An overall 9.8% of ankle replacements required revision or conversion to ankle fusion at 5.2 years. The wide CI (CI range, 3.1%–16.5%) shows inconsistency in the presented data from individual studies, and should be interpreted with caution. A meta-analysis comparing TAA with ankle arthrodesis  that included studies published from 1990 to 2005 reported a TAA survival rate of 78% (95% CI, 69.0%–87.6%) at 5 years and 77% (95% CI, 63.3%–90.8%) at 10 years. The data in the current investigation are not directly comparable to those by Guyer and Richardson , as more recent publications have been included and different methods for data analysis were used in the two studies. Another meta-analysis , which reviewed 18 studies on mobile-bearing prostheses published from 1997 to 2002, found the weighted survival rate was 90.6% at 5 years. This is comparable to the survival rate of mobile-bearing implants in our study (Table 4). TAA survivorship data, however, should be interpreted with caution. Results from the prosthesis’ inventors can be biased and may reflect the higher familiarity with the implant. Knecht et al.  included the surgeries performed by the designer of the Agility™ prosthesis, evaluated by independent authors, and reported a 95% survival rate at 6 years, whereas others achieved only 67% . Similarly, the designer of the STAR  reported a 95% survivorship rate at 10 years, whereas an independent high-volume surgeon  was reported to have a survivorship rate of 80% at 10 years. Others  reported a better survival rate in their latter 31 TAAs compared with the initial 20. The Swedish Joint Register , possibly representing more closely the average surgeon’s outcomes, reported a 77% survival rate. Their data  showed the 5-year survival rate increased from 70% before to 86% after the surgeon had performed 30 TAAs. The designer of the Buechel-Pappas™ prosthesis reported a 92% survivorship rate at 12 years in 75 TAAs with the newer, deep sulcus implant. These results were reproduced by an independent surgeon , however, in patients with rheumatoid arthritis (low demand). Differences therefore may be symptomatic and reflect the surgeon’s familiarity with the procedure, or selection of patients, rather than the effect of the intervention and the implant.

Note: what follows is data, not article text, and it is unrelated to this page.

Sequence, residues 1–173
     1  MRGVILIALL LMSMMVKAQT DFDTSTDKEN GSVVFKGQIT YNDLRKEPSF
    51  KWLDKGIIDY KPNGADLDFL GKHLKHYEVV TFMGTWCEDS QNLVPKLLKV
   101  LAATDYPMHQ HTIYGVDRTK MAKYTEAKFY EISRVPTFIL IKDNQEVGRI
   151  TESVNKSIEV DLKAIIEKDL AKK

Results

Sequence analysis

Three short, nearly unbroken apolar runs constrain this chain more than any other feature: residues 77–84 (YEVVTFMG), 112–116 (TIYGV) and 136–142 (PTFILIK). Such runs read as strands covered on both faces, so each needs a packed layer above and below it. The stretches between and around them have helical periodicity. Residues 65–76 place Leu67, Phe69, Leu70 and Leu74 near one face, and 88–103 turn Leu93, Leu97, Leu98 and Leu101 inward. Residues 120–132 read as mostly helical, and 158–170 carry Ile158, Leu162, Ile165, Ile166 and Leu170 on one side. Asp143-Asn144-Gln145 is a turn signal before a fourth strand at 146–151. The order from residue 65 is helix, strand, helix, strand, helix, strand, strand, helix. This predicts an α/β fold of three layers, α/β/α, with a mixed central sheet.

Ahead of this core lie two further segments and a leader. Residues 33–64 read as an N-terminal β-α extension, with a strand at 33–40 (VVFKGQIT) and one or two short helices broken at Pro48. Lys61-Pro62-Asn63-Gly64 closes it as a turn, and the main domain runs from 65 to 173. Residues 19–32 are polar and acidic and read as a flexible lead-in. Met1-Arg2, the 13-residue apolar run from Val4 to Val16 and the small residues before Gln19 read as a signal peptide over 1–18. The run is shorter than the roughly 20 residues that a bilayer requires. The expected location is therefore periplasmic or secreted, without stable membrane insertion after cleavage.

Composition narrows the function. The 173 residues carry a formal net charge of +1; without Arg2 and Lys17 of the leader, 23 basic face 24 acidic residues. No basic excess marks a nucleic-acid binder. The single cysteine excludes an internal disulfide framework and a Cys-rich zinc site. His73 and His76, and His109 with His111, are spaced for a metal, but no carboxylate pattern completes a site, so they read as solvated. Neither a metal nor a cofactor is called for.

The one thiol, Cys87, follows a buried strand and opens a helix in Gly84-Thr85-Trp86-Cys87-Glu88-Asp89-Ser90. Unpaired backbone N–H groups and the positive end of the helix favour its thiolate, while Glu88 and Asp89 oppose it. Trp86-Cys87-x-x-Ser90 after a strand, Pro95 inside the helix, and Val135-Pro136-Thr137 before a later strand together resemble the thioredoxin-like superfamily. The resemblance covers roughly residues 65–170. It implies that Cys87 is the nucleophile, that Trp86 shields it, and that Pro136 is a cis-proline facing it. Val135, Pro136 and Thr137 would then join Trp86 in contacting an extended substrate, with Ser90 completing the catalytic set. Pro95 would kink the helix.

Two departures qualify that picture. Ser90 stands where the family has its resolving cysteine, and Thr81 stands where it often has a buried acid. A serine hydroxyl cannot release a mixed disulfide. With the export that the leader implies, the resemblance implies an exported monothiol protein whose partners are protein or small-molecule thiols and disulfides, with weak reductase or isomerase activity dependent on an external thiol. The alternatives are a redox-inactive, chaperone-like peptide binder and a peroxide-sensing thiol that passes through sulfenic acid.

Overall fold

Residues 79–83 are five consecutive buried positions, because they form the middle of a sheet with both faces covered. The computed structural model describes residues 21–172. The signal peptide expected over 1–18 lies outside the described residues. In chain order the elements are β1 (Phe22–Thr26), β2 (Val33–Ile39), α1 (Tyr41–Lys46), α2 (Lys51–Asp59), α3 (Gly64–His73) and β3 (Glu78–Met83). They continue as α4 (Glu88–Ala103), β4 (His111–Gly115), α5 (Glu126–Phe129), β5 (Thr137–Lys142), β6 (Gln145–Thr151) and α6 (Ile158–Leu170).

Comparing functional outcomes of different implants requires caution because of the different methodologies used, as described earlier. Haddad et al.  reported the mean AOFAS score was 78.2 points, which is comparable to the reported outcomes in our study (Table 6). Two studies [26, 32] suggested participation in certain sports is possible after TAA. It is not known, however, whether this is advisable and how it would affect failure rates in the long term.
The improvement in ankle ROM was relatively small (0°–14°) (Table 7). This is in agreement with the results of others [12, 28]. Our patients therefore should be informed preoperatively, improvement in ankle motion is not one of the expected benefits from TAA.
Furthermore, residual pain after TAA is relatively frequent (23%–60%) (Table 8), whereas the methodologic flaws in assessing patients’ satisfaction in the individual studies raise concerns regarding the high satisfaction rates reported (Table 9).
Current TAAs improve ankle function; however, residual pain is common and wound complications can occur. The overall failure rate is approximately 10% at 5 years with a wide range from different centers.
Each author certifies that he or she has no commercial associations (eg, consultancies, stock ownership, equity interest, patent/licensing arrangements, etc) that might pose a conflict of interest in connection with the submitted article.
An erratum to this article can be found at http://dx.doi.org/10.1007/s11999-010-1229-4